Leaving Falmouth you pass Trebah Gardens and the beaches of Swanpool and Maenporth, as you ride towards Helston, home of the Flora Dance festival. You will then cycle across the Lizard Peninsula towards the beautiful village of Porthleven. From Porthleven the tour follows the coastal lanes to the seaside village of Marazion, which affords breathtaking views over St Michael’s Mount and Mount’s Bay towards Penzance. The afternoon starts gently with a ride along the coast through the fishing villages of Newlyn and Mousehole as you head out towards Land’s End. On the way you will pass the Minack Theatre, a unique auditorium and stage carved into the cliff above Porthcurno. From Land’s End, which is England’s most westerly point, it is possible to see the Isles of Scilly on a clear day. The day’s ride ends at one of the most ancient mining district in Cornwall, St Just.

Your Accommodation

The Commercial Hotel, St Just The Commercial Hotel is situated in the centre of St Just. A former coaching inn, the Commercial Hotel has been run by the same family for over 100 years and is well-known locally for its warm, Cornish welcome and excellent home-cooked food. Located a mile from Cape Cornwall, the area is rich in Cornish culture and heritage, with ancient Celtic sites and hidden coves littered along the coastline, with Sennen Cove Beach and Porthcurno close by. All 11 bedrooms are en-suite, non-smoking rooms with televisions, hair dryers, and tea and coffee making facilities.


Day 4 | 72 miles (116 km)

St Just to Wadebridge

Leaving St Just, the tour follows lanes which hug the clifftops of the north of Cape Cornwall and Poldark country. The area’s mining heritage is clearly visible here, with engine houses and ruined mine workings still standing at Botallack and Levant, and the Geevor Mine museum at Pendeen. The route then takes you through National Trust land at Rosemergy, Porthmeor and Gurnard’s Head to the village of Zennor. Then on to St Ives, which is well known for its artists, the Tate gallery and the Barbara Hepworth Museum. The tour passes Hayle’s three miles of golden sands and on towards St Agnes with its beautiful scenic coastline, fantastic beaches and art and craft shops. Leaving St Agnes we cycle through the Blue Hills, a valley of gorse and heather, to Perranporth. The route takes coastal lanes to the charming village of Crantock before arriving in Newquay famous for its surfing beaches and vibrant night life. The final leg of the day’s ride takes you along the coast, past Watergate Bay, Mawgan Porth and the stunning rock stacks at Bedruthan Steps to the ancient fishing port of Padstow, the starting point of The Camel Trail which takes you back along the estuary to Wadebridge. Alternative Route: As the coastal lanes between Newquay and Padstow can be very busy in summer, cyclists can choose an alternative route which follows National Cycle Route 32 through St Columb Major. The alternative route adds 7.5 miles to the daily total.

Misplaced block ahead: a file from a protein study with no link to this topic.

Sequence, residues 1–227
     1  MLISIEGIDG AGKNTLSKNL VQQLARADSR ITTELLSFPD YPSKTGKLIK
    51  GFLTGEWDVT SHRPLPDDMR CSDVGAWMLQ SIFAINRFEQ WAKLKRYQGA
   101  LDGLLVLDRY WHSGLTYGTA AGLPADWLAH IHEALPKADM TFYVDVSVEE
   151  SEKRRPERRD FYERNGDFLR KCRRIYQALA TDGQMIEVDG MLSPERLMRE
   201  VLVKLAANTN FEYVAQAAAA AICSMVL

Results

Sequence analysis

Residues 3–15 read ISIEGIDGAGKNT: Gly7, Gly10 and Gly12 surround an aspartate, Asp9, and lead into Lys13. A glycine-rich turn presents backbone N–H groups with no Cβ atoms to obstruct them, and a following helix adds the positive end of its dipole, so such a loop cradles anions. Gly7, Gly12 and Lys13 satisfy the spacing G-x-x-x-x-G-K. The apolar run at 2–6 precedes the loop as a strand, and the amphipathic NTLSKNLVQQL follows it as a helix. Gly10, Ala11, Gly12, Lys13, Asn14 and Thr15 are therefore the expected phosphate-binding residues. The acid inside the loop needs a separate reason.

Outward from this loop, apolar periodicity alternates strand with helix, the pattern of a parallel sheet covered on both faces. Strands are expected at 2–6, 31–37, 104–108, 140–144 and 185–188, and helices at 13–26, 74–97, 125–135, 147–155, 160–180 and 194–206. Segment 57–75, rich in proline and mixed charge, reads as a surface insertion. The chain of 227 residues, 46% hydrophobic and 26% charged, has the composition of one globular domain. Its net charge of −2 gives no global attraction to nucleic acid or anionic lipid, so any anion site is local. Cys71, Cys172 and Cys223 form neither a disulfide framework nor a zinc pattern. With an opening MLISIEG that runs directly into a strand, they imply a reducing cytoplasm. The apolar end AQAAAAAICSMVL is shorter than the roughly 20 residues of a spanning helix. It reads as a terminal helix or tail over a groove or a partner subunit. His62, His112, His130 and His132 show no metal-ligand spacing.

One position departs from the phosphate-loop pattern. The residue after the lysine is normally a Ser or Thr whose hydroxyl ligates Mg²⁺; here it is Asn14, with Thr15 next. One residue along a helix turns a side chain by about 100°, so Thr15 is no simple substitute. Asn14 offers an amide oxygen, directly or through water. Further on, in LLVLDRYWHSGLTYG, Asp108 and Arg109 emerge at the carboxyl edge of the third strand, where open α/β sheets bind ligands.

Make a booking

Because all our tours are created around your preferred start dates and party size, we have a two stage booking process.

Call us on01637 889156
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Tour highlights

st mawes

St Mawes Castle

This elaborately decorated Henry VIII era coastal fort is steeped in heritage and history, and offers spectacular views across the Fal estuary.

Minack Theatre in west Cornwall

Minack Theatre

This outdoor theatre offers performances in one of the most unique and spectacular locations in the country.

bedruthan steps, north cornwall

Bedruthan Steps

With dramatic clifftop views, Carnewas Beach and Bedruthan Steps is one of the most popular destinations in Cornwall, and a must-see when visiting the north coast.

“We spent a beautiful summer’s week in Cornwall, it was a pleasant and exciting experience. The landscapes we saw, crossing the hills and plains are still in our hearts and maybe one day we will come back.”

Ercole and Francesca Scampini - Italy

“Coming from New Zealand we were worried about the traffic but our four day cycle trip was incredible,  our trails were either free of cars or very few with good vision. The scenery was great and biking in April meant spring was in full bloom.”

Judith and Baden Sommerville - New Zealand

“An excellent tour, well mapped out and organised, all you have to do is decide where to stop to eat or take photographs. The scenery is stunning and the route used roads which were cyclist friendly and saw very little traffic.”

Peter Griffiths - Wales